Rule One: Don’t Be A Jerk

Posted on Posted in Food/Kitchen, General, Projects, woofers of tojeiro
This is a post I’d never want to write, it’s not nice and it’s hypocritical, but it needs to be penned.
There is a rule above all rules in community living and it is “Don’t be a jerk”. Now this rule, as I see it, covers a lot of ground, most of it self-evident: no racism, no sexism, no homophobia, no discrimination, no violence, treat others with the respect you expect treated yourself and that means if you see a job that needs doing, do it. If you can. Community is only possible with the Don’t Be A Jerk rule.  As I say, self-evident, right? Well not always.
Many years ago when I was a young man I was Interrailing and was on a train in the former Yugoslavia. During the long journey I needed the toilet. I was warned not to go there by a fellow journeyman. I went anyway and the sight has remained with me since, the small closet door was open, it was open because it couldn’t close, it was wall to ceiling faeces, urine, sick and nappies, a room full of shit and piss. How could it have got that way? Certainly not by not giving a shit, lots gave of them self, physically. It’s easy to imagine how this “Shituation” came about, one day one person said, “Somebody else can do it”, and so nobody did it and then the WC was full and nobody without proper training and equipment could do it. If it ever got cleaned I don’t know and never will.
Yesterday someone of the community, was staring at the filthy rinsing water and wondering what to do with their plate and cutlery. “Empty the dirty water and fill it with new”, I suggested. “No, somebody else can do it”. “Fuck”, I thought, you lazy bastard, you take from the community resources and give not a single simple task back in gratitude that is beyond what you promised to do at the morning meeting. It took me 90 seconds to empty the bowl and refill it. The individual finished their plate and went on their way perfectly content. I’m sure most have us have walked past jobs that need doing in the knowledge someone else will do it, and the first couple of days can always be problematic. For example I heard a story from a Newbie the other day. The individual was on bar duty and was sat there awaiting chore instructions. After a while a long-term member of the community approached the bar and said, ” Do you think being a bar person involves more than being sat on a stool” and set up the task of filling the fridges with beer, a very time consuming task. Some time later the bar manager returned and said, “Fuck what have you done?” but said not to worry and set about emptying the fridge again. It was quite ironic the the taskmaster was, rightly, critical of the wasted labour hours on the farm. So entering a new community can be frustrating before you find your role, or your role finds you and you can find yourself flailing around looking for purpose getting in the way. If you’re a first timer don’t worry, you’ll find your place.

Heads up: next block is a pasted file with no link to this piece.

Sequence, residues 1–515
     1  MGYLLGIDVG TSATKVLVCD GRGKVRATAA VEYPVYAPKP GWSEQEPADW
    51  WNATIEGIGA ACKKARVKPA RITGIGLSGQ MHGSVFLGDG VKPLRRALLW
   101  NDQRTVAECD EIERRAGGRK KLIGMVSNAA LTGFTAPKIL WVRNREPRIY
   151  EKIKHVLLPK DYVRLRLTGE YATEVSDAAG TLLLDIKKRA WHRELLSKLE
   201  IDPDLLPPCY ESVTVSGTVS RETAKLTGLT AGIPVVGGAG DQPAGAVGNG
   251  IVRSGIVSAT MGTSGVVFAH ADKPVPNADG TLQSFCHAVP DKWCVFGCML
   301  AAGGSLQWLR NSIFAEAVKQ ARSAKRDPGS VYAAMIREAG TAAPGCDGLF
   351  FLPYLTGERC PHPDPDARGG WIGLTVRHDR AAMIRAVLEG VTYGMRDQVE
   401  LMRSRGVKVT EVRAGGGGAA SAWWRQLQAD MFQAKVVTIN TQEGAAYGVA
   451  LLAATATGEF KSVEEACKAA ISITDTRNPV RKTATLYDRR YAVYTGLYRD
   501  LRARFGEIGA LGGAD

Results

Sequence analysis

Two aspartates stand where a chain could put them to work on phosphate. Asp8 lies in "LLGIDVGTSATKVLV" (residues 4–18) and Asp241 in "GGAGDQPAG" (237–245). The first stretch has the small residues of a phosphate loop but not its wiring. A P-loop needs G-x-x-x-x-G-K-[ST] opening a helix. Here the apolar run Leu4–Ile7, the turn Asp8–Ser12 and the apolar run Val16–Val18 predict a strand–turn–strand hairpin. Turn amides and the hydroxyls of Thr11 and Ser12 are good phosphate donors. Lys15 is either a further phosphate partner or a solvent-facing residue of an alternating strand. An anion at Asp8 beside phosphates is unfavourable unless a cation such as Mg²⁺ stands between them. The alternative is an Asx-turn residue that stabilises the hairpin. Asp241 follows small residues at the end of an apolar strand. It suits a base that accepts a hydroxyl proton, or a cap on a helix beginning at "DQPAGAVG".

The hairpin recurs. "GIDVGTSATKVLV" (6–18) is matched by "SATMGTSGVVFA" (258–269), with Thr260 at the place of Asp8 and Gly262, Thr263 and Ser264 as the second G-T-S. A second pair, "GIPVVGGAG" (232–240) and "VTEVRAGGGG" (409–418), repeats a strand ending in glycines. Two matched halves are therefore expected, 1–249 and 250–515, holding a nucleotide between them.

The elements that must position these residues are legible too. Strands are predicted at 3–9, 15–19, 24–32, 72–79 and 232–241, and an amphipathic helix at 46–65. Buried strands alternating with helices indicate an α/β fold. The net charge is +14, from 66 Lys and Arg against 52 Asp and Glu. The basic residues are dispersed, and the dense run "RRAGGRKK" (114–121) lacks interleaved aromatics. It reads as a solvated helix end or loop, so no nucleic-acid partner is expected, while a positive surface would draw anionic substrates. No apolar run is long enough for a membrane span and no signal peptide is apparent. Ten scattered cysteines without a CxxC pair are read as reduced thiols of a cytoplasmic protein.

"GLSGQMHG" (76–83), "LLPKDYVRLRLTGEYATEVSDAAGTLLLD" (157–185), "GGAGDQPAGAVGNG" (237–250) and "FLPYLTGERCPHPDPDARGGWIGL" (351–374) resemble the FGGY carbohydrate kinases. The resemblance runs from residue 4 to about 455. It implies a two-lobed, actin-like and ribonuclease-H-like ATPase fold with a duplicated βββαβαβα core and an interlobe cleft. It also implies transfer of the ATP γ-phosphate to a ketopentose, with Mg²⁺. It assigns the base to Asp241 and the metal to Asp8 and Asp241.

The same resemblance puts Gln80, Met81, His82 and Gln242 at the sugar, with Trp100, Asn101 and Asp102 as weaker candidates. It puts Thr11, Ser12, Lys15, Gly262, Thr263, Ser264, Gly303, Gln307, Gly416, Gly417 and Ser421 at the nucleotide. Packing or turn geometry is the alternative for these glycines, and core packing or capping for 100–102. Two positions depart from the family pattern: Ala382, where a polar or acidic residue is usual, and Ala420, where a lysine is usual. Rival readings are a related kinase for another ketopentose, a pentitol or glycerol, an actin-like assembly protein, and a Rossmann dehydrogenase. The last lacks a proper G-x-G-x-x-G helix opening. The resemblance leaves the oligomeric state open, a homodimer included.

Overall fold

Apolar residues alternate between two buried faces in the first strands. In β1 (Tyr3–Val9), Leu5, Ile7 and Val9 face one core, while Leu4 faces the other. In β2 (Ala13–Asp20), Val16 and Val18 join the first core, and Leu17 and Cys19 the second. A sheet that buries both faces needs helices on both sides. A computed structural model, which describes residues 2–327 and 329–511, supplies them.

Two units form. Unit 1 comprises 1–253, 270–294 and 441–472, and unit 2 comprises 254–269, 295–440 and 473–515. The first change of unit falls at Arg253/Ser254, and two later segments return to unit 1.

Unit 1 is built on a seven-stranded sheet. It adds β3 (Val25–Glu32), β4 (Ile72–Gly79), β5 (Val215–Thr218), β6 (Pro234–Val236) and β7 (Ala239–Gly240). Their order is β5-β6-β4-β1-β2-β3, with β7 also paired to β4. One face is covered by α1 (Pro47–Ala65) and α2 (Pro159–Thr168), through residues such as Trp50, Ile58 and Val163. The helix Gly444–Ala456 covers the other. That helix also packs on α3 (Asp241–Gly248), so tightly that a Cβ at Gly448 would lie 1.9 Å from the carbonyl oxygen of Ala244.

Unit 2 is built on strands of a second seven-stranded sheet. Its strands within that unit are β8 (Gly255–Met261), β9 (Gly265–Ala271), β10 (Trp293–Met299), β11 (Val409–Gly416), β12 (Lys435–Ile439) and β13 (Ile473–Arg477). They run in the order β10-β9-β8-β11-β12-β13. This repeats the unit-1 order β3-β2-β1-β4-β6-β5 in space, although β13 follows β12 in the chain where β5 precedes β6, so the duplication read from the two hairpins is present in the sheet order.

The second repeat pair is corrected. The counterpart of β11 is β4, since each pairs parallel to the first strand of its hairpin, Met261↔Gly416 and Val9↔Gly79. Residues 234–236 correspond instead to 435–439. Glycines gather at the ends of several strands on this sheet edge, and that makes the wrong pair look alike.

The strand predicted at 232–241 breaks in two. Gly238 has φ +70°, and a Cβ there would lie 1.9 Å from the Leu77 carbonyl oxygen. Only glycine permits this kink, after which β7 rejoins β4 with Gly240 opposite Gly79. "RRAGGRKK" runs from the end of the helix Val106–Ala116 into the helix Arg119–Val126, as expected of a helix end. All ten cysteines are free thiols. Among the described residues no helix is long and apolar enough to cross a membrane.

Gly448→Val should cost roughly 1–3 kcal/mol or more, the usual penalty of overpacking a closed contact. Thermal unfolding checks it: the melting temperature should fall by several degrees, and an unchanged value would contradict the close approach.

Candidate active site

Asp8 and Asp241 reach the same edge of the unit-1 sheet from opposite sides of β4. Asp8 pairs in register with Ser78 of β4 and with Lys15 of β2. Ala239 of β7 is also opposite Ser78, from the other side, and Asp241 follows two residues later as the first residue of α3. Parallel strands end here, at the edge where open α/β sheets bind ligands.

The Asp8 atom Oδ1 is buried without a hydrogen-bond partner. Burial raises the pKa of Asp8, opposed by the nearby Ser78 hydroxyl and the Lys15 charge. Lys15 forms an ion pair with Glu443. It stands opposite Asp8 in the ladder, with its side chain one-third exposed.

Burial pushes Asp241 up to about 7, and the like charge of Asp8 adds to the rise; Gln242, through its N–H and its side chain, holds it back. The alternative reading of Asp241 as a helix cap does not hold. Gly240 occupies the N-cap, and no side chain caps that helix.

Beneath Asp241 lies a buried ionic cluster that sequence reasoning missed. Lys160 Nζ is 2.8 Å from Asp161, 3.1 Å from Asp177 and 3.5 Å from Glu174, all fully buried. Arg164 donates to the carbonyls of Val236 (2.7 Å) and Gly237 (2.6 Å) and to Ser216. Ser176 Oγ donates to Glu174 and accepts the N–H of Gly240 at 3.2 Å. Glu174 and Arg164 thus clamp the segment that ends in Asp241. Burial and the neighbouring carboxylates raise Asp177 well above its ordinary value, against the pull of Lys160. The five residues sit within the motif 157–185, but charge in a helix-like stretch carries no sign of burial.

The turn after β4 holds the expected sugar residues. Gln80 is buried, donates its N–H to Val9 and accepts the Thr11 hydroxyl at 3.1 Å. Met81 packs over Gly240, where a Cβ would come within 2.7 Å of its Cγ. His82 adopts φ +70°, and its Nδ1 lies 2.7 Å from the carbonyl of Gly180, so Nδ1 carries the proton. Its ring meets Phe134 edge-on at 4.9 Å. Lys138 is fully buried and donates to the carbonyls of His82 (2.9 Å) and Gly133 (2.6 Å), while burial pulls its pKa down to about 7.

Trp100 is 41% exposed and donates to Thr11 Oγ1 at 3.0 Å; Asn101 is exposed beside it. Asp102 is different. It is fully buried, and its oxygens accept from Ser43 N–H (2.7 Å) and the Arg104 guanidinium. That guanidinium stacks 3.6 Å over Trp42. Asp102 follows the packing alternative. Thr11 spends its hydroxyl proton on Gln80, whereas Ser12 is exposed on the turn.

But I know I have walked past jobs and that’s why I’m a hypocrite but when the buck stops with you just do it. It’s the COMMUNITY thing you came to experience; if you want to come as a guest and do no community work then fine, very reasonable rates are available on Airbnb or camp for cheaper and nobody should expect you to chip in, you’ve more likely to have exchanged paid labour hours elsewhere to have the luxury of not doing anything now. But if you’ve come to experience community living and consume community resources, perhaps with the idea of starting you’re own little community, then do the job that stands in front of you and don’t pass the buck. Don’t be a jerk.